Two months after their first auto boycott on August 12, Meter Jam – an initiative against menacing auto drivers – is organizing another boycott on October 12. In addition to Bangalore, the boycott will be held in Mumbai, Chennai and Delhi as well.
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Jammers in the city are hoping that the initiative will be successful, unlike the last boycott, during which autos were plying smoothly and many drivers did not even come to know about the initiative. "Last time the focus was on Mumbai, and Meter Jam was only starting to get popular in Bangalore. This time, around 40,000 online followers of Meter Jam have confirmed the boycotting in the four cities, and at least 6000 of them – mostly techies and students – are from Bangalore," says Sudeep Kamal, a core member of the Bangalore team.
The organizers have pulled out all the stops to ensure that the public is informed – the event has been publicized through media reports and radio channels, in addition to mails circulated among thousands of people. They have also tied up with mobile-based platform ZipDial to send out SMS to nearly two lakh people informing them of the event. The BMTC (Bangalore Metropolitan Transport Corporation) has agreed to have more buses ply on the road on Tuesday as per our request, Sudeep said. Around 300 people in the Meter Jam community in Bombay and Bangalore have shared their contact numbers in the community’s Facebook page to help the public through car pooling as well.
The concerns of the Meter Jam community are faulty auto meters, overcharging, refusing to go to destinations, abuse, and strikes as decided by the auto unions. They hope that the boycott movement will raise awareness, encourage alternate transport modes and get more support from authorities to solve auto problems. The community was first formed in Mumbai by three advertising professionals in July and gradually gained support in Bangalore.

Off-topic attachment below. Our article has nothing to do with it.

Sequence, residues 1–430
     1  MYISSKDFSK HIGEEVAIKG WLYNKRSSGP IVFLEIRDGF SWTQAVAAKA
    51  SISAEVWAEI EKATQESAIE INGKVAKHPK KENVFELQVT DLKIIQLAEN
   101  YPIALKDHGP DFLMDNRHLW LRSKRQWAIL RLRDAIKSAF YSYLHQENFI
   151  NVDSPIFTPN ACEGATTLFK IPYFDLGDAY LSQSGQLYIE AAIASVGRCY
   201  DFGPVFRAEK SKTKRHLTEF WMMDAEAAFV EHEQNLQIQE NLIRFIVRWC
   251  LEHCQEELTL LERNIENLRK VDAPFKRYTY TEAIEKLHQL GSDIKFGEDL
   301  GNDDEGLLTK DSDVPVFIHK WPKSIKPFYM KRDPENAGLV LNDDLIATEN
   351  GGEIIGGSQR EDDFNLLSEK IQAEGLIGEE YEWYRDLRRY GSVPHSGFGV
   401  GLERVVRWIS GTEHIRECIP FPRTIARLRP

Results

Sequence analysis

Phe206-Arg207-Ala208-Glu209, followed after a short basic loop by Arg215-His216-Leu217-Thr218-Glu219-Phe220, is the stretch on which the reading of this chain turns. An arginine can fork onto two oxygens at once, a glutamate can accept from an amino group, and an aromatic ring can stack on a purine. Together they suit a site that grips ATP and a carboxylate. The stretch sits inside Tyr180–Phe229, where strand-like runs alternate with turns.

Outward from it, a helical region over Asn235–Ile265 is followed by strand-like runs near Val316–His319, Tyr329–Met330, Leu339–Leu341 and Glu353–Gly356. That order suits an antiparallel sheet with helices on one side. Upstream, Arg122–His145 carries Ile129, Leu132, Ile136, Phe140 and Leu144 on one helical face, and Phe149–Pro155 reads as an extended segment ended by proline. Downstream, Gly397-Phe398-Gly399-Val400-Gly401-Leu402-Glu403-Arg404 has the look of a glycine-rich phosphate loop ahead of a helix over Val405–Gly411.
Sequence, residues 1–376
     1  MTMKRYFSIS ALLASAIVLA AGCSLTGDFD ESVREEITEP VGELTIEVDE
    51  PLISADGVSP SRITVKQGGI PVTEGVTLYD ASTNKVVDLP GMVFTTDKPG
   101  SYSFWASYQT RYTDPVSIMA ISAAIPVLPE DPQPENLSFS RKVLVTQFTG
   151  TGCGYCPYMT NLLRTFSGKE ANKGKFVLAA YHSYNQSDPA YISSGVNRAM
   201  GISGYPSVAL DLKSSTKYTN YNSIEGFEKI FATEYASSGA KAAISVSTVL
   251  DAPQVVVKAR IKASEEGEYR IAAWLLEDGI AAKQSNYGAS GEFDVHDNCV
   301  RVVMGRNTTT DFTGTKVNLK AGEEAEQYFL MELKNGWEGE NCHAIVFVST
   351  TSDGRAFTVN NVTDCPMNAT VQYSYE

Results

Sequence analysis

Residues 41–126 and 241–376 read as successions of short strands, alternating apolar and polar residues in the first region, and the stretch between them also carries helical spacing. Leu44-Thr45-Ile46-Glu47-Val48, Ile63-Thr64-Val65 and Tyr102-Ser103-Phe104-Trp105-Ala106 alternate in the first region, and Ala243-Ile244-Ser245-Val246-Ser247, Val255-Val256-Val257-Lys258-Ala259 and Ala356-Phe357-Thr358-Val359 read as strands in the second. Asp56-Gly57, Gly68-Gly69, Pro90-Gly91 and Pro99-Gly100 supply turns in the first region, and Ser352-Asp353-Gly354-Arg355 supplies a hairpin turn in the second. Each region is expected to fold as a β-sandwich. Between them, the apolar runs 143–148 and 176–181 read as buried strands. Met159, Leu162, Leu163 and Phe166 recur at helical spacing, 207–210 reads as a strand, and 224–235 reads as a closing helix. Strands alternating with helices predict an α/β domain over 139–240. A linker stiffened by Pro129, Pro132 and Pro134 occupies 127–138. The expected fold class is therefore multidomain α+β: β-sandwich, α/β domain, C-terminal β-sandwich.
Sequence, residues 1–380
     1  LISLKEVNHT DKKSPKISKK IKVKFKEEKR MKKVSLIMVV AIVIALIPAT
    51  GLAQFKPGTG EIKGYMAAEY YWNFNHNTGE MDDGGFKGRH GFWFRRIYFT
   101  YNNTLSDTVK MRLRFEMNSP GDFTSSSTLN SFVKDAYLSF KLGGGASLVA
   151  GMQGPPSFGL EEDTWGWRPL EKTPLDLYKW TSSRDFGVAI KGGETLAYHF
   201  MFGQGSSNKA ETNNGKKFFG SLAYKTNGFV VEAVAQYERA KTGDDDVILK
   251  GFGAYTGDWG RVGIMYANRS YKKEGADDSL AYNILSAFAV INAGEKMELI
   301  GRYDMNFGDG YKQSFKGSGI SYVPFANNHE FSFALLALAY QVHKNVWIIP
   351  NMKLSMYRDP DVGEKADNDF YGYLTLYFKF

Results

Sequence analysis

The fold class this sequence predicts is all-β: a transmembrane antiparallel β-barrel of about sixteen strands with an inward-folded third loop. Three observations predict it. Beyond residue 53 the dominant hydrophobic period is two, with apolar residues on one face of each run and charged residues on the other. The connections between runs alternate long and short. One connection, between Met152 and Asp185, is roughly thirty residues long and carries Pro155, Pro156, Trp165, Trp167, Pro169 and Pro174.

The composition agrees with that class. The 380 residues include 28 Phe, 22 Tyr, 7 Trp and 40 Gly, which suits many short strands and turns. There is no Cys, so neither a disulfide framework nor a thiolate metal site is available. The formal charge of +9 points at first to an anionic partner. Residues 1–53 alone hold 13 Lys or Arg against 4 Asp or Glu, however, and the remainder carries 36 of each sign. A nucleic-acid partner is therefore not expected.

Meter Jam’s website gives information on car pooling and forums for reporting complaints against auto drivers and enables download of mobile applications for calculating auto fares. The group, which has around 25 core members in the city, plans to speak to the transport department and traffic police department for support. "We need better connectivity by BMTC buses, more pre-paid auto counters and intervention by traffic police to check on drivers abusing passengers," says Sudeep.
The boycott is expected to be successful in IT campuses as many techies are already aware of the initiative through social media. Companies like Aditya Birla, Accenture etc are supporting the event by spreading awareness about the drive through their corporate social responsibility departments. Boycott is expected to be more effective in areas like MG road, Brigade road and Commercial Street as people who move around here are likely to be more aware, says Sudeep.
Manjunath, President of Auto and Taxi Drivers Union, believes that the boycott may not be effective. "Last time it did not create any effect at all. Drivers should be honest and well-behaved towards customers and we do speak to them about this," he says.
Meanwhile, Meter Jam already has plans for another boycott after 1-2 months.